From there, you need to decide whether your belly prefers green onions or bulbs. Bulbless green onions, for example, are very easy to grow. They don't care one bit about the time of day. If you're not sure about soil conditions, daylight, water requirements, etc., they're the perfect onion to grow. Then there are short-day onions, long-day onions, and day-neutral onions. Let's take a quick look at some of the categories in each package.

Short day onion

Short-day onions develop bulbs as daylight increases from 10 to 12 hours each day. White Bermuda, Southern Belle, and Red Burgundy are ideal for planting in southern gardens. If grown in northern states, they may flower and go to seed very quickly. Any plant that blooms too quickly will be stunted. Still tasty, but smaller than average.

Long day onion

Walla Walla, Red Baron, Sweet Spanish White, and Rosa de Milano are onion varieties that need 14 hours or more of sunlight each day. If this amount of sun doesn't cover your garden, it's a good idea to try a short-day or a day-neutral onion variety instead.

Day-neutral onions

It is special that other onions are ordinary. Day-neutral or intermediate-day onions produce bulbs regardless of the sun. They grow well anywhere and are especially sweet in the Midwest. They still prefer 10 hours of sunlight, but hey, no vegetable grows to full size in the dark. Try Cabernet, Red Amposta, Sierra Blanca or Monatrall.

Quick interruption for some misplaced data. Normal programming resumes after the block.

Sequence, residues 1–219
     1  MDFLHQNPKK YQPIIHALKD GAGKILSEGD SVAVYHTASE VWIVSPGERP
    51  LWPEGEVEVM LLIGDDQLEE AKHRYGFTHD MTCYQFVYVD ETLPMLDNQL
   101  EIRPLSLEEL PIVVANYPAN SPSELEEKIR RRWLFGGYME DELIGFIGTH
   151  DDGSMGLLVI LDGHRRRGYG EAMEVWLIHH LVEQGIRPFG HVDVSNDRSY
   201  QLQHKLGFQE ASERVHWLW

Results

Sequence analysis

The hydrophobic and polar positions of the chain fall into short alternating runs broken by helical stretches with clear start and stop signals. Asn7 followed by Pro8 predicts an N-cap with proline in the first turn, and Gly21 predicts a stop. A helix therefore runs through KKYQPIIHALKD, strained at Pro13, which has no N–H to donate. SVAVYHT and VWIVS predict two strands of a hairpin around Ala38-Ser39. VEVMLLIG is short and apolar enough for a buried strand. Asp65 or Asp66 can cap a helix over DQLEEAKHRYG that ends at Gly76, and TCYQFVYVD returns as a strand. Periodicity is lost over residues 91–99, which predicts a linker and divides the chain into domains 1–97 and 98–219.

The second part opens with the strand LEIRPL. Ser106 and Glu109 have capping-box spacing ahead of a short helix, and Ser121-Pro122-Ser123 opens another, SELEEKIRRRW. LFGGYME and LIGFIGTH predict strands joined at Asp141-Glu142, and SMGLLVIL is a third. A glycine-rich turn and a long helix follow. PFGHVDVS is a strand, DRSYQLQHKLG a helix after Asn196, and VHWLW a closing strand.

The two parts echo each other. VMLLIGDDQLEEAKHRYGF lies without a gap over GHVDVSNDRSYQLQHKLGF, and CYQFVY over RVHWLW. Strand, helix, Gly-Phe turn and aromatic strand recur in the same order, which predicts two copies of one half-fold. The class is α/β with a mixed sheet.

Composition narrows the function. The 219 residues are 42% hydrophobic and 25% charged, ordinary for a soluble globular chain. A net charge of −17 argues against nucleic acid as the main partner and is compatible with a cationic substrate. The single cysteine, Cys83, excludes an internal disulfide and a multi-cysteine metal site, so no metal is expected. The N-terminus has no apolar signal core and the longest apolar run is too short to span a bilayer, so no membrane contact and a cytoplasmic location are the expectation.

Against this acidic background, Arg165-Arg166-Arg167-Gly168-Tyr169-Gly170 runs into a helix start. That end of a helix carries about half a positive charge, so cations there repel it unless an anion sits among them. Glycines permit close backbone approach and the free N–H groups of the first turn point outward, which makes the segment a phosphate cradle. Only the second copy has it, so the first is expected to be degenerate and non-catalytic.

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How to Plant Onions in the Fall

Mid-September to early October is an excellent time to plant onions in the fall. The planting date depends on soil conditions (hopefully not too wet), as well as the first expected frost. Generally, fall-planted onions take 4-6 weeks before winter sets in.

Sets or seeds?

Seeds are always cheaper and perhaps more readily available, but whether you plant your onions in fall or spring, sets have a clear advantage. If you choose to go with onion seeds in your garden, spacing is important, but it's more difficult to achieve than if you're planting sets. Another minor drawback is that the early growth of onion seeds is easily overrun by weeds. If all you have are seeds, plant them according to the instructions on the package.

On the other hand, the set is already ready to grow into bulbs.

Onion sets are simply seeds that have germinated and grown to a certain size. If onion sets are not available in the store, you can certainly grow them yourself. It gives you a wide variety to choose from. Be aware, however, that this part of the growing process also takes time. It takes about 60-80 days to grow your own set of onions. Again, gardening is as layered as an onion. If you don't have onion sets for fall planting, seeds may still be a better option.

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Planting onion seeds in autumn